Reigning World Champion (1963–1969)

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Upon becoming World Champion, Petrosian campaigned for the publication of a chess newspaper for the entire Soviet Union rather than just Moscow. This newspaper became known as 64. [17] Petrosian studied for a degree of Master of Philosophical Science at Yerevan State University; his thesis, dated 1968, was titled « Chess Logic, Some Problems of the Logic of Chess Thought ». [12]

Three years after Petrosian had earned the title of World Chess Champion, he was challenged by Boris Spassky. Petrosian successfully defended his title beating Spassky, a feat that had not been accomplished since Alexander Alekhine defeated Efim Bogoljubov in the 1934 World Chess Championship. [18]

Later career (1969–1984)

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Petrosian in 1975

Along with a number of other Soviet Chess champions, he signed a petition condemning the actions of the defector Viktor Korchnoi in 1976. It was the continuation of a bitter feud between the two, dating back at least to their 1974 Candidates semi-final match which Petrosian withdrew from after five games while trailing 3.5-1.5 (+3-1=1). His match with Korchnoi in 1977 saw the two former colleagues refuse to shake hands or speak to each other. They even demanded separate eating and toilet facilities. Petrosian went on to lose the match and was subsequently fired as editor of Russia’s largest chess magazine, 64. His detractors condemned his reluctance to attack and some put it down to a lack of courage. At this point however, Botvinnik spoke out on his behalf, stating that he only attacked when he felt secure and his greatest strength was in defence. [19]

Some of his late successes included victories at Lone Pine 1976 and in the 1979 Paul Keres Memorial tournament in Tallinn (12/16 without a loss, ahead of Tal, Bronstein and others), shared first place (with Portisch and Hübner) in the Rio de Janeiro Interzonal the same year, and second place in Tilburg in 1981, half a point behind the winner Beliavsky. It was here that he played his last famous victory, a miraculous escape against the young Garry Kasparov. [20] Petrosian died of stomach cancer in 1984 in Moscow. Petrosian is buried in Vagankovo Cemetery and in 1987, World Chess Champion Garry Kasparov unveiled a memorial in the cemetery at Petrosian’s grave which depicts the laurel wreath of world champion and an image contained within a crown of the sun shining above the twin peaks of Mount Ararat – the national symbol of Petrosian’s native Armenia. On July 7, 2006, a monument honoring Petrosian was opened in the Davidashen district of Yerevan, in the street named after Petrosian. [21]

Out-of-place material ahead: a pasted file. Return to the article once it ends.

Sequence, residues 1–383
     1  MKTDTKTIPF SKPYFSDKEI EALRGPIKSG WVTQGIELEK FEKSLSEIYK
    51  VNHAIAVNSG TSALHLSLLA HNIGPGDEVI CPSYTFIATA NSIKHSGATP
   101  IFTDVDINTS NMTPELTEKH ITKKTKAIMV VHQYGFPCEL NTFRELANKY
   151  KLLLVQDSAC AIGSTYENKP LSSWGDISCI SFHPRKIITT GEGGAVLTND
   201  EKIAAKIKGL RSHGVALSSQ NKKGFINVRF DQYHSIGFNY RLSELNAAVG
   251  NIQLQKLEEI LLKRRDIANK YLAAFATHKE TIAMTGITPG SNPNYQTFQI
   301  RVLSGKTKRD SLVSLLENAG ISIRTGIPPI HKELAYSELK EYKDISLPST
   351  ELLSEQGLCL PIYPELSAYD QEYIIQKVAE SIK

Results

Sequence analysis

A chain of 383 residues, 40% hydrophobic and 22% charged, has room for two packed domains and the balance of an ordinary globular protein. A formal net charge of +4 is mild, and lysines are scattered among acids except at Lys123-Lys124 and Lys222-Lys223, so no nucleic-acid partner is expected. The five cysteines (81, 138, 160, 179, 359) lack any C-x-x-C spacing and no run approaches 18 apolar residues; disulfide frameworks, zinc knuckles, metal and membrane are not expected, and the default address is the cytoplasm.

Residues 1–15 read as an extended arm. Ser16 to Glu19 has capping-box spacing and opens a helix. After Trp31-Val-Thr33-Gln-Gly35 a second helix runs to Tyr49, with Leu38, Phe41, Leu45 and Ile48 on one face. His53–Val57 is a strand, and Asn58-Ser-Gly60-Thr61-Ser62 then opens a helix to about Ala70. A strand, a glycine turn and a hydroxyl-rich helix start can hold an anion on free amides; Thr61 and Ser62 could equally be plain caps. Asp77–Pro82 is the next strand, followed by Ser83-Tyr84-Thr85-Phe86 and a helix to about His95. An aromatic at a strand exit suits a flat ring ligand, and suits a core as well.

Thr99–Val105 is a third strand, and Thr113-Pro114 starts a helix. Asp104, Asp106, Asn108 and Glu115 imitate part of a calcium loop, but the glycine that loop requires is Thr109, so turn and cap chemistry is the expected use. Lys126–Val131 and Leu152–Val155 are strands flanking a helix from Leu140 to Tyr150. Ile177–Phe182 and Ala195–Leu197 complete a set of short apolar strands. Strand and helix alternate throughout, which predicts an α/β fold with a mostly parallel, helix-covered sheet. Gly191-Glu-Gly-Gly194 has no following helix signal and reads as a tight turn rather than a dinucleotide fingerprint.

Olympiads and Team Championships

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Petrosian was not selected for the Soviet Olympiad side until 1958; he had already been a Candidate twice by that time. But he then made ten straight Soviet Olympiad teams from 1958 to 1978, won nine team gold medals, one team silver medal, and six individual gold medals.
His overall performance in Olympiad play is impressive: +78 =50 -1 (only one game lost, to Robert Hübner, out of 129 played), for 79.8 per cent, the third all-time best performance after Mikhail Tal and Anatoly Karpov. [22] His Olympiad results are the following.

  • Munich 1958, 2nd reserve, 10.5/13 (+8 =5 -0), board and team gold medals;
  • Leipzig 1960, 2nd reserve, 12/13 (+11 =2 -0), board and team gold medals;
  • Varna 1962, board 2, 10/12 (+8 =4 -0), board and team gold medals;
  • Tel Aviv 1964, board 1, 9.5/13 (+6 =7 -0), team gold medal;
  • Havana 1966, board 1, 11.5/13 (+10 =3 -0), board and team gold medals;
  • Lugano 1968, board 1, 10.5/12 (+9 =3 -0), board and team gold medals;
  • Siegen 1970, board 2, 10/14 (+6 =8 -0), team gold medal;
  • Skopje 1972, board 1, 10.5/16 (+6 =9 -1), team gold medal;
  • Nice 1974, board 4, 12.5/14 (+11 =3 -0), board and team gold medals;
  • Buenos Aires 1978, board 2, 6/9 (+3 =6 -0), team silver medal.

Petrosian also made the Soviet side for every European Team Championship held while he was alive, a total of eight selections, from 1957 to 1983. He won eight team gold medals, and four board gold medals. His totals in Euroteams play, according to olimpbase.org, are (+15 =37 -0), for 64.4 per cent. [22] His Euroteams results follow.

  • Vienna 1957, board 6, 4/5 (+3 =2 -0), board and team gold medals;
  • Oberhausen 1961, board 4, 6/8 (+4 =4 -0), board and team gold medals;
  • Hamburg 1965, board 1, 6/10 (+2 =8 -0), board and team gold medals;
  • Kapfenberg 1970, board 1, 3.5/6 (+1 =5 -0), team gold medal;
  • Bath, Somerset 1973, board 2, 4.5/7 (+2 =5 -0), board and team gold medals;
  • Moscow 1977, board 2, 3.5/6 (+1 =5 -0), team gold medal;
  • Skara 1980, board 3, 2.5/5 (+0 =5 -0), team gold medal;
  • Plovdiv 1983, board 3 3.5/5 (+2 =3 -0), team gold medal.

Playing style

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To commemorate the 75th anniversary of his birth, the Republic of Armenia issued this 220 dram stamp on February 25, 2005.